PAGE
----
Learn the APA Manual
Do you briefly remember being introduced to this in your undergraduate English and Research classes? You know, the blue book that you couldn’t wait to toss as soon as you completed those courses! Well, don’t get too excited and toss that manual out just yet. The APA manual will be your bible at the graduate level. It is best to not only familiarize yourself with it but read it cover to cover. In all seriousness, there will be no mercy for APA formatting issues at the graduate level, and failure to comply will hinder your ability to graduate. Let’s be honest; graduate school is very expensive so do not lose points over APA errors and get your bang for your bucks when it’s time to cash in on that top G.P.A.
Grad school will push your writing capabilities to the maximum. When I first started, I went in under the false pretenses that I was a decent writer. After all, my highest scores were always in English and Language Arts. However, never underestimate the power of proofreading your document, or having someone else review it. It is important to remember that you are not supposed to be writing as if you are talking in scholarly writing. Read every single thing you submit out loud at least two times before turning it in. You will be surprised at some errors you will find in your documents once you hear it out loud. I swear by Owlet Purdue, Grammarly, and PERRLA to assist with the completion of my papers.
One of the biggest mistakes that I made during my Grad school journey was “taking a break”. Apparently, life happens to everybody, but if you can help it, you should stay on the course to graduate on time. While taking a leave of absence is certainly an option, there are some universities have a time limit on the amount of time you can spend on the completion of your master’s degree. Taking a leave of absence sounds a nice break until you return and you are under even more pressure to complete your degree. Stay on track and graduate on time. Put yourself out of grad school misery. Try not to prolong it.
My zodiac sign of a Libra makes finding balance very high on my priority list. Regardless of your sign, it is essential to find a way to balance everything you have going on in life. Many of us are career focused, have spouses or partners, children, and community obligations. There are going to be some times that you will simply have to say no to others as well as avoid taking on too many additional duties. You have to be able to take care of yourself before you can take care of others. Do not feel guilty about taking a step back or going on a much need hiatus to keep everything together. Remember that this is temporary, and there will always be opportunities to restock your plate once you have graduated.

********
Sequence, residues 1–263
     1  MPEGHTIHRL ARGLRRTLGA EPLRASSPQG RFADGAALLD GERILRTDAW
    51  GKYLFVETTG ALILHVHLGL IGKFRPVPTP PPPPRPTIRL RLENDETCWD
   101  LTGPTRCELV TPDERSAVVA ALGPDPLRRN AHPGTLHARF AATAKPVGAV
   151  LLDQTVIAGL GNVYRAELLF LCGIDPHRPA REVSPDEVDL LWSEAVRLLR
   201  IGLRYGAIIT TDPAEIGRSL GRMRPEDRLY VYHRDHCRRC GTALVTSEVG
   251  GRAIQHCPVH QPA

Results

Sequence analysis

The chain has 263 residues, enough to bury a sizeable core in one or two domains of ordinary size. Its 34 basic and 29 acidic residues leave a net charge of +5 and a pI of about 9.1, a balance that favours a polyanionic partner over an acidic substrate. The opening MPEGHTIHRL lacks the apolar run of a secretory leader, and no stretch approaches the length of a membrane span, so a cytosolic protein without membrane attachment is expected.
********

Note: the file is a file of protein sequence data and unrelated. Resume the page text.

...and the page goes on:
Cost vs. Reputation
This has been an ongoing debate for such a long time. I will give you my honest opinion and say that it is best to go for value in regards to selecting a school to attend. There is absolutely nothing wrong with investing yourself, but please do not break the bank along the way. Try your very best to avoid debt, save up, and develop a reasonable budget that you can use to finance your educational goals. If you are shelling out a ton of money, ensure that the institution has a reputation that fits your tuition bill. Student loan debt is a serious problem. Remember that you will need to pay that money back, and if this degree does not make a high paying job seem promising to you it may be necessary to scale back. Remember, grad school isn’t cheap!
Wrapping it All Up
I hope that you avoid the pitfalls that I incurred during my grad school journey and that these tips will help ease you in your transition and prepare you for entry into grad school. A graduate degree is totally obtainable; it’s just a different academic dynamic. I’ll see you on the other side!
Vision boards are an excellent way to visualize your best life, goals, and dreams. Vision boards are a creative way to generate a visual of the things that you want to see manifested in your life, and a way to provide yourself a daily reminder of why you work so hard, and what your outcome will be. Creating a vision board does not have to be a tedious process. This can be a fun opportunity for a girls night, wine, and some creativity
Here is what you need to host your vision board party:
-Poster boards/Paper or Cork Board
-Most Importantly Some Good Wine/Vino
Have a Method to Your Board
There is no right or wrong way to do this. I tend to divide my poster board into sections by category. Divide you vision board into 9 different sections. The top three sections of the board (from left to right) should be prosperity, reputation, partnerships/love. The second row should be family, health, and unity. The third row should be self-improvement, career, and travel. You can see a visual example of several options on Pinterest.
It is important to remember that you can change or update your vision board as much as you deem it necessary. I typically opt for the cork board version of the vision board because it is easier to modify. If you are hosting the vision board party and would like to utilize the cork board, it may be more cost-effective to collect those funds from your guests in advance, or request that they bring their own if they would like to use that.